Safety of Sunscreen
The sun’s rays have powered life on our planet since its creation, and have made life possible for all living things. The sun is one of the most important elements of the universe, but in recent years has only been condemned for some of its harmful effects on humans. Lately, all that is heard about the sun anymore is how can be harmful and how protection from overexposure is needed. Many people are scared of dangerous overexposure effects such as sunburn, premature aging of the skin, eye damage, and skin cancer. These fears cause many to try anything to avoid the sun including lathering themselves up with sunscreen. What many people do not realize is that as they slather on sun lotion for protection, they could actually be harming their skin. Overuse of sunscreen and sun block, which contain many potentially dangerous chemicals, could be even more harmful than exposure to the sun’s rays. Sunlight is produced through nuclear reactions in the sun’s core. Originally born as energetic gamma rays, after billions of collisions with matter, this radiation reaches the surface and escapes into space (Mitalas). The sun radiates light to the earth, and part of that light consists of ultraviolet (UV) rays. When these rays reach the skin, they can cause tanning or burning. There are three types of UV rays: UVA rays, which have the least amount of energy per photon, UVB rays, and UVC rays, which have the most amount of energy per photon. UVA rays pass through the ozone layer and make up the majority of sun exposure. UVB rays are mostly absorbed by the ozone layer, but can still pass through to the skin. UVC rays are the most dangerous, but these are blocked by the ozone layer and do not reach the earth.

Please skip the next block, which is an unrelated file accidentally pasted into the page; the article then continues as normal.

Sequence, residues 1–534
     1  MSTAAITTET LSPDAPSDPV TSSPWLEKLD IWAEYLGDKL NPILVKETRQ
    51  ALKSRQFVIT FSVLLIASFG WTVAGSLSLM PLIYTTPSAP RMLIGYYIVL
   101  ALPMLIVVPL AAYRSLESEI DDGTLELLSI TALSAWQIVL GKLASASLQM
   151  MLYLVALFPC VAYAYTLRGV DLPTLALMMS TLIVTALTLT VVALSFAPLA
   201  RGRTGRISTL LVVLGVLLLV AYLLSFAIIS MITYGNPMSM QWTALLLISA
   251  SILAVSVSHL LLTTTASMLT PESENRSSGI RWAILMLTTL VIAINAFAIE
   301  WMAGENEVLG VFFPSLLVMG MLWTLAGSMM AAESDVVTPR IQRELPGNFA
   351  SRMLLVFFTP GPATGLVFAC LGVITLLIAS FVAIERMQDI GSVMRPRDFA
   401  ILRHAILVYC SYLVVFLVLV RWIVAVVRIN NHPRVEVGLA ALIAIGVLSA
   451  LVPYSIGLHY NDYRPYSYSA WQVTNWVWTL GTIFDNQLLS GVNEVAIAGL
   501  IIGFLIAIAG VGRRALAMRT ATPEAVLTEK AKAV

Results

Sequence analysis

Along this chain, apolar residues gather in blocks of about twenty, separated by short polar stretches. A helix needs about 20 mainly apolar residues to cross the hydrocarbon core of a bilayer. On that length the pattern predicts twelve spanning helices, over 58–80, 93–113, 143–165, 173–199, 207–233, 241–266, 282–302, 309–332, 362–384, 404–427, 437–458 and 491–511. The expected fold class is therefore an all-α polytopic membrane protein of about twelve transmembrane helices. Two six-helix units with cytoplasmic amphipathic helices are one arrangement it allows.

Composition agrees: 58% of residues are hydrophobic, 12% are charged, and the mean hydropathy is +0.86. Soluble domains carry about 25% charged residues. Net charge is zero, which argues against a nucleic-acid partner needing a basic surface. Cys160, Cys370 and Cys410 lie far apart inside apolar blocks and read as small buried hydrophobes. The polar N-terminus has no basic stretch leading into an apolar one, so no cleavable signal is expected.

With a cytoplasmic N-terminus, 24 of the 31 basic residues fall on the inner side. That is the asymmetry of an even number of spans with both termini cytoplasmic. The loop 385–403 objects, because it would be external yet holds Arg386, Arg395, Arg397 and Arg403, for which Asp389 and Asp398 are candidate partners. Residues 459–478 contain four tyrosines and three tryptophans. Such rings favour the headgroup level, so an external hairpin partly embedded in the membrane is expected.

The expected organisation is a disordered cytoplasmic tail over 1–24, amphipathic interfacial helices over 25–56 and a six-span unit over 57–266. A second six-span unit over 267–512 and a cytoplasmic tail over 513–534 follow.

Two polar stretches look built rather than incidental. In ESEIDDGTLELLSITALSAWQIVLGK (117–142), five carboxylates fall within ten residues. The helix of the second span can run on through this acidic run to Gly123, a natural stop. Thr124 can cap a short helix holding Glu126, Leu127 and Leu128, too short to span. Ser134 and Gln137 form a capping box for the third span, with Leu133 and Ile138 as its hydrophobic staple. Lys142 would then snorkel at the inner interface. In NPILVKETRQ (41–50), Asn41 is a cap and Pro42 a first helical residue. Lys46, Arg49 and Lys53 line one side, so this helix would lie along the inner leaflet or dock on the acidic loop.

Human skin contains natural protection against UV exposure. UV rays react with the melanin in skin. The presence of melanin is skin’s first defense against the sun because it absorbs UV rays before they do any damage. The lighter a person’s natural skin color, the less melanin it has for the absorption of UV and protection against sunburn. The darker a person’s natural skin color, the more melanin it has to protect itself. As the melanin increases in response to sun exposure, the skin tans. Sunburn develops when the amount of UV exposure is greater than what can be protected against by the skin’s melanin. Overexposure to the sun can have harmful effects. Many dermatologists believe there may be a link between childhood sunburns and melanoma later in life, but this is yet to be proven. Melanoma is a cancer that begins in the melanocytes, which are cells located in the bottom layer of the skin’s epidermis. Non-melanoma skin cancers are less deadly than melanoma skin cancers. The most common non-melanoma skin cancers are basal and squamous cell carcinomas, which are benign and are easily cured by simple outpatient surgery. Other UV-related skin disorders include actinic keratoses and premature aging of the skin. Actinic keratoses are skin growths that occur on body areas overexposed to the sun (SunWise). Chronic exposure to the sun also causes premature aging, and over time can cause skin to become thick, wrinkled, and leathery. Dermatologists suggest several methods to avoid experiencing these harmful effects. The most obvious is to just stay out of the sun. This is almost impossible to do, and could be dangerous because skin needs the vitamin D from sunlight. Mostly dermatologists suggest wearing products with SPF, such as sunscreens and sun blocks. The SPF in sun-care products is the “sun protection factor” which protects from sunburn-causing UVB radiation (Helmenstine). The SPF number represents how long someone can stay in the sun without getting sunburned. This rating is calculated by comparing the amount of time needed to produce sunburn on protected skin to the amount of time needed to cause sunburn on unprotected skin (Medmd). For instance, if a fair-skinned person who would normally turn red after 10...
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